“We hoped to achieve a top-three finish and it’s mission accomplished,” said Scott Stevenson, general-manager of the Canadian team.
“We finished behind England and Australia exactly as anticipated but we are really pleased we closed the gap on them. Not just us, but Scotland, New Zealand and Wales. We all took a little bit of a bite out of those big guns [England and Australia].”
What makes the Island’s eight medals here even more impressive is that several top Island athletes weren’t in Glasgow to swell that total.
Rowing, a traditionally strong Island sport internationally, has a Commonwealth championship but it’s not part of the Games. And London 2012 Olympic medallists Richard Weinberger of Victoria (open-water swimming) and Gillian Carleton of Victoria (track cycling), along with world championships silver-medallist wrestler Stacie Anaka of Victoria, didn’t have their event classes included in Glasgow.
Glasgow 2014 medals from Island athletes included Ryan Cochrane’s two swimming golds, Jim Paton’s two shooting silvers, Kirsten Sweetland’s silver in the women’s triathlon, swimmer Hilary Caldwell’s bronze in the 200-metre backstroke, Cameron Levins’ bronze in the 10,000 metres and Michael Mason’s bronze in the high jump. Also Catharine Pendrel, who became an eventual world champion cyclist in Victoria after being a casual athlete in the UVic triathlon club, had gold in women’s mountain biking.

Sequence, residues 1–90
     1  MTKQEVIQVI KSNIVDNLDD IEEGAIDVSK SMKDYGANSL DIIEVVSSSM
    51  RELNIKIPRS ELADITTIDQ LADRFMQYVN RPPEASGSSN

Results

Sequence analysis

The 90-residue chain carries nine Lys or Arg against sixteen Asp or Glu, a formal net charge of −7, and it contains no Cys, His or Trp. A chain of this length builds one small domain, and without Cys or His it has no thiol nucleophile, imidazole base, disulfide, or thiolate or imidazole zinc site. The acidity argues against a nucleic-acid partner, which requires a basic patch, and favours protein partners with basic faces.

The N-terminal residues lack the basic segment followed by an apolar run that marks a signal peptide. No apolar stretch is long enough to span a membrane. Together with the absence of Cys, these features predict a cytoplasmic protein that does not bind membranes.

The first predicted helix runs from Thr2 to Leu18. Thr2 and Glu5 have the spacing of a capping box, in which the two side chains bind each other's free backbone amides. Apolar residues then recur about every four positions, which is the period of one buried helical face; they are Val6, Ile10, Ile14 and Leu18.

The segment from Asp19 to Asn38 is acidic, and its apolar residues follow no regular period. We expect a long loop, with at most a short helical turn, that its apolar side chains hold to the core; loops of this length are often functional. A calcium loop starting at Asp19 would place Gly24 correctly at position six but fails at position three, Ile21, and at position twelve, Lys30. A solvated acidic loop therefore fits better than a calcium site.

In the close call category, Island athletes with fourth-place finishes in Glasgow included Sweetland and Matthew Sharpe in team triathlon, Riley McCormick in three-metre diving and Max Plaxton in men’s mountain biking.
Island athletes came away impressed by the Games.
“[Ibrox during the 2014 Commonwealth Games] was one of the loudest stadiums I’ve ever been in and the crowd cheered for the underdogs,” said Canadian rugby sevens players Mike Scholz, whose club is the Castaway Wanderers of Oak Bay.
“The Commonwealth Games, and the Pan Am Games next year [in Toronto], are unique for us [compared to rugby-only IRB events] because we get to mix with athletes from other sports. It’s cool to meet Canadian athletes from other sports.”
With Rio 2016 looming, you must take advantage of any chance to gain experience in a multi-sport Games setting.
“This was huge for me,” said 22-year-old Canadian rugby sevens player and SMUS-grad Mike Fuailefau of Victoria, who gained his first taste of a multi-sport Games atmosphere in Glasgow.
“The Scots were super friendly.”
Island athletes such as Sweetland, Mason and Levins made major statements at Glasgow on the road to Rio.
Hammer-thrower Sultana Frizell from Perth, Ont., who won gold in a Games record, was chosen as Canadian flagbearer for the closing ceremonies.
The 2018 Commonwealth Games are on the Gold Coast of Australia from April 4-15 of that year, which isn’t optimum timing in early spring for Canada’s summer-sport athletes.